11 Steps to tackle a lack of suitable candidates

Many employers, especially smaller ones have experienced a lack of suitable candidates when recruiting. The result of this includes a number of problems, including missed deadlines, reduced customer service, increased sickness absence, losing the competitive edge, and increased costs with using agency workers.

The manufacturing sector has experienced the highest challenge with recruiting so far. The time invested by companies to recruit can be quite significant. For smaller companies, without a dedicated recruitment department, this means that a manager is not in a position to focus entirely on running their department efficiently.

Turnover Statistics

One source using a Cendex data set has found that from a group of almost 280 companies and nearly 430,000 employees in 2022 found the following:

  • Resignations increased by 6.8% to 16.4% from 2021
  • Turnover rates increased by 7.9% to 22.5% from 2021

The higher rates were found in smaller companies. Retail and sales had the highest turnover and technology roles had the least at 13.7%.

Consider, how much time your management team has invested recently in recruiting. If you manage to overcome a lack of suitable candidates and successfully recruit, you’ll want that person to remain at the company. The processing of new employees is a timely one and let’s face it, a manager’s time is better spent elsewhere, not repeating the process if the person leaves within a short time of being recruited.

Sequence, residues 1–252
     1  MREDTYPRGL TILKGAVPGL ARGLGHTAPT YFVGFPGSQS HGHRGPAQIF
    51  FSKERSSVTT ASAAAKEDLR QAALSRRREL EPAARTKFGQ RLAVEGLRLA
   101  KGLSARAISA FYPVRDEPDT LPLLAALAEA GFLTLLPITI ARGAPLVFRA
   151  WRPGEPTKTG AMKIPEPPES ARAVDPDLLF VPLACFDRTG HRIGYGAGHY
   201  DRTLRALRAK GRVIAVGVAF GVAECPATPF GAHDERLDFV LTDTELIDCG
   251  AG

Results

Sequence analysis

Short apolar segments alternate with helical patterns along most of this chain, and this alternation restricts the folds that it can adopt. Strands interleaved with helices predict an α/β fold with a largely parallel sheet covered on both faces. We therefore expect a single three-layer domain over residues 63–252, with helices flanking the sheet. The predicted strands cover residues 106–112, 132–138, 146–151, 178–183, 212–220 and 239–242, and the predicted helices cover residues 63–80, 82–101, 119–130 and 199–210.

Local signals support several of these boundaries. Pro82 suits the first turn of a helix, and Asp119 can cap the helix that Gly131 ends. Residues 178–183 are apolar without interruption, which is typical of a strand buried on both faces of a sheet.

Reasons for a lack of suitable candidates

Why are employers experiencing a challenge with recruitment? Why is there a lack of suitable candidates? There are a number of factors, including, ill-health and long NHS waiting lists. Experienced women are leaving the workforce due to the impact of menopause. A lack of qualifications and a lack of opportunity to progress within the workplace.

11 Steps to tackle a lack of suitable candidates

  1. Review your rates of pay, benefits, and hours, are they competitive?
  2. Are you advertising in the appropriate places for the vacancy? Popping an advert in the local paper is no longer the way to go. Consider your target employee, where are they likely to seek your vacancy?
  3. Check your application process, is it user-friendly?
  4. Advertise vacancies internally in the first instance, and let employees know they can progress within the company if they wish. Provide training, and allow time off to attend training for the role the employee wishes to progress into.
  5. Retain your current workforce, start at the beginning, design and implement an efficient, welcoming and successful induction process. Ensure managers are trained in this. Investing the time with the induction phase will increase the chance of employee retention.
  6. Invest the time in a robust probationary period process. Outline the expectations of the role, provide training and support, review regularly, be approachable and positive.
  7. Offer training and development opportunities even if it’s just brushing up on skills, knowledge and experience. Consider a workshop, may half a day, get some cakes in, allow employee contributions.
  8. Allow for employee empowerment, and give them a voice where relevant – a new project is an example. Empowerment will lead to motivation which leads to increased productivity, fewer mistakes, and more profit. It also reduces turnover and employee absence.
  9. Implement a recommend a friend scheme – be clear of the parameters.
  10. Introduce an effective and efficient appraisal scheme
  11. Increase notice periods to allow more time to recruit a replacement when an employee is leaving. Be mindful that not all employees will work their notice and indeed you may not want some to work it.

Contact us

Hopefully, this blog has provided some useful information to you. If we can be of any assistance, please contact us on 01455 231982 or by email to hello@hrbyjude.co.uk

Business Planning, recruitment, retention

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